s Ancient lake sediments help scientists trace 7,000 yrs of mining and metal use in China:Message 1 of 2 , Dec 15 1:56 PMView Sources
Ancient lake sediments help scientists trace 7,000 yrs of mining and metal use in China:
Most studies I found on ancient mining around Lake Superior talks about a process of probably "spaulding" by heating rocks to remove copper and minerals. If we are considering the possibilites of many cultures of miners, explorers in the region, I wonder if there is evidence of early historic surface and subsurface use of explosives for access to and removal of copper, as used later during the historic mining era.
Being a peace studies minor I am not going to put up the links for recipes for explosives but salt peter was used to form black powder far back in ancient Greece, also used to make gun cotten, dynamite fuses, and oxidation. Easy to make. My computer is in the kitchen and I am making holiday cookies and got to thinking, about the old mining pits and historical shafts with their mountains of old pilings (scrap) I see when going after thirty or forty gallons of springwater in the UP every two or three months. These ideas are a long stretch and not very scientific following these lines. Here is one of several similar articles on Chinese invention of and widespread use of gunpowder during the time of feudal Europe. It would be interesting to know if and when these ideas were carried to the Americas, and if they began far earlier than the tenth and eleventh century this article states:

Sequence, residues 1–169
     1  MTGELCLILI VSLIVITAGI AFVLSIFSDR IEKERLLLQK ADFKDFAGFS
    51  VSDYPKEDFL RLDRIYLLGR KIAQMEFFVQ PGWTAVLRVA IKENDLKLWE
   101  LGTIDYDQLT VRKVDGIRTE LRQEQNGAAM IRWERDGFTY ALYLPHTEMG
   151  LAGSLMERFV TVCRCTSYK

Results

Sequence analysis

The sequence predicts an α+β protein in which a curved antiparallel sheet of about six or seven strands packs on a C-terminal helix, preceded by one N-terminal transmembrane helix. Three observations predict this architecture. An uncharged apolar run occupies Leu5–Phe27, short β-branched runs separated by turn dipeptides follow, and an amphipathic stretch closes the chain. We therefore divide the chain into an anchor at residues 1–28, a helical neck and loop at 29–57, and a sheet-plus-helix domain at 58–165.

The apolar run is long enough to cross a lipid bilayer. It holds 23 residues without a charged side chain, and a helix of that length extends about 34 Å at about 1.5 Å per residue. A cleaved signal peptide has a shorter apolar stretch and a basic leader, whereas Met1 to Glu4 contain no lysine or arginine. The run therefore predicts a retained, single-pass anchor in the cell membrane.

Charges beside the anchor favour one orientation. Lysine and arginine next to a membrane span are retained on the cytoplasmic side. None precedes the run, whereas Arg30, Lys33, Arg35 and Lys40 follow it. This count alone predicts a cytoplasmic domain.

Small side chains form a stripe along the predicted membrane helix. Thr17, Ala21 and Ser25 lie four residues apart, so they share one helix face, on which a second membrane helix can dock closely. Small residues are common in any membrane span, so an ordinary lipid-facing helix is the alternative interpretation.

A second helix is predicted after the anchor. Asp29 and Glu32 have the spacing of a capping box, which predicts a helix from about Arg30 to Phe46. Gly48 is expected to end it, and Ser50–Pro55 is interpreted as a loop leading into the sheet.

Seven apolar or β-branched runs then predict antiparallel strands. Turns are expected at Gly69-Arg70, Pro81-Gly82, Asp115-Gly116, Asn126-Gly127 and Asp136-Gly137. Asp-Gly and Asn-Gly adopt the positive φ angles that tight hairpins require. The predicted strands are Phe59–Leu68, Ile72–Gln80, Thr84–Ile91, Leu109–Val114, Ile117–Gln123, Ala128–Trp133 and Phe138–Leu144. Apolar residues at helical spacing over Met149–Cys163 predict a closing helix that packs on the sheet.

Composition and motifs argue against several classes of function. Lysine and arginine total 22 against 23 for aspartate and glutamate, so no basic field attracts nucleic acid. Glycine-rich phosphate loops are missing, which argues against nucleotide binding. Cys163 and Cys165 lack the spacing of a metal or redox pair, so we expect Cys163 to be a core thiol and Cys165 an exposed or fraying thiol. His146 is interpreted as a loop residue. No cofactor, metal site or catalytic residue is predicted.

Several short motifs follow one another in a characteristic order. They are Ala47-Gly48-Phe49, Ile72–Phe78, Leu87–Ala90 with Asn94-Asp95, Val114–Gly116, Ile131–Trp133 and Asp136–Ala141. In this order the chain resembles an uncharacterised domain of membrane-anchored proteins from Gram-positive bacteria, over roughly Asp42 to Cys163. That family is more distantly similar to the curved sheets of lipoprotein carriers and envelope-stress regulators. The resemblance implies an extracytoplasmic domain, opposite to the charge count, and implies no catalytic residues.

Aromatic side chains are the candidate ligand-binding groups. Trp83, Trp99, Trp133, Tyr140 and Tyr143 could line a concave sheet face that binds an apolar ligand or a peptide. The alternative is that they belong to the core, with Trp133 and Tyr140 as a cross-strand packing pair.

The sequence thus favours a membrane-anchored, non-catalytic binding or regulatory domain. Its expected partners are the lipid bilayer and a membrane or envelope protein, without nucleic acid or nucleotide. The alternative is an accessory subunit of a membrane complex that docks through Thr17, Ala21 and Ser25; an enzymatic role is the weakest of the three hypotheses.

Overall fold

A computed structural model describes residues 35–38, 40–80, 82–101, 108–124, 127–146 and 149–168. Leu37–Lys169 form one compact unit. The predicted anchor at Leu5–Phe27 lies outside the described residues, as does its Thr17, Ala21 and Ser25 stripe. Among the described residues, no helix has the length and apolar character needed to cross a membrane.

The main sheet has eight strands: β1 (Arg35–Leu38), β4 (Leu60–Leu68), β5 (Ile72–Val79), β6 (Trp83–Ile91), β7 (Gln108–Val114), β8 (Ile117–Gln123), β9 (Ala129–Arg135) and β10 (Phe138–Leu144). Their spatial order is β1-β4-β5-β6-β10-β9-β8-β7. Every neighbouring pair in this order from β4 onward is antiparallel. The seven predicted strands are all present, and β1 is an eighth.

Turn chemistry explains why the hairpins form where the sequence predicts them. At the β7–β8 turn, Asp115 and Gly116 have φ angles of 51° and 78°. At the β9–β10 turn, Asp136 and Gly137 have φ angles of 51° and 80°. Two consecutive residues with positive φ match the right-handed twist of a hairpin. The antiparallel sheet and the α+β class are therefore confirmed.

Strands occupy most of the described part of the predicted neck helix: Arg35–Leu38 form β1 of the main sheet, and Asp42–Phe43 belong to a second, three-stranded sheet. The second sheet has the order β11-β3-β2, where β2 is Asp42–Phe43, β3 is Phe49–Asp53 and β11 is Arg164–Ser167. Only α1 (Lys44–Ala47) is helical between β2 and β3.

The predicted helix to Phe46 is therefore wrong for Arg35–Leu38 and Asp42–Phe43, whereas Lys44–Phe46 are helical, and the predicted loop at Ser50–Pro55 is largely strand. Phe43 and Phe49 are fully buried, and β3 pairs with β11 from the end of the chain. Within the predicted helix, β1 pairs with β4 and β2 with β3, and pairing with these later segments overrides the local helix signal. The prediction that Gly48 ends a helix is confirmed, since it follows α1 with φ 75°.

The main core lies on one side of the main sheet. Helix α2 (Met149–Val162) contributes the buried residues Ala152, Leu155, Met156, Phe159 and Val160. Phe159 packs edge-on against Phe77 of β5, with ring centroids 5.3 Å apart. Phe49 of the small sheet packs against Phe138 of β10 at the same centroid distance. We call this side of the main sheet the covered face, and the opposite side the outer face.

--- In firstname.lastname@example.org, "Susan" <beldingenglish@...> wrote:
> Highly likely ancient Chinese had technologies and capacities for
> transcontinental voyaging and mining---far before the one shown in this
> video around 500 AD. Also note their early mining technologies, esp.
> underwater mining in lieu of what we know about old, long-submerged
> shorelines/extensive underwater veins of copper, as around Isle Royale
> and former Lake Superior shorelines when northern areas of the world
> may have still held massive volumes of subterranean ice not too many
> millinnea ago.
> Ancient Chinese warships and mines video (11 minutes):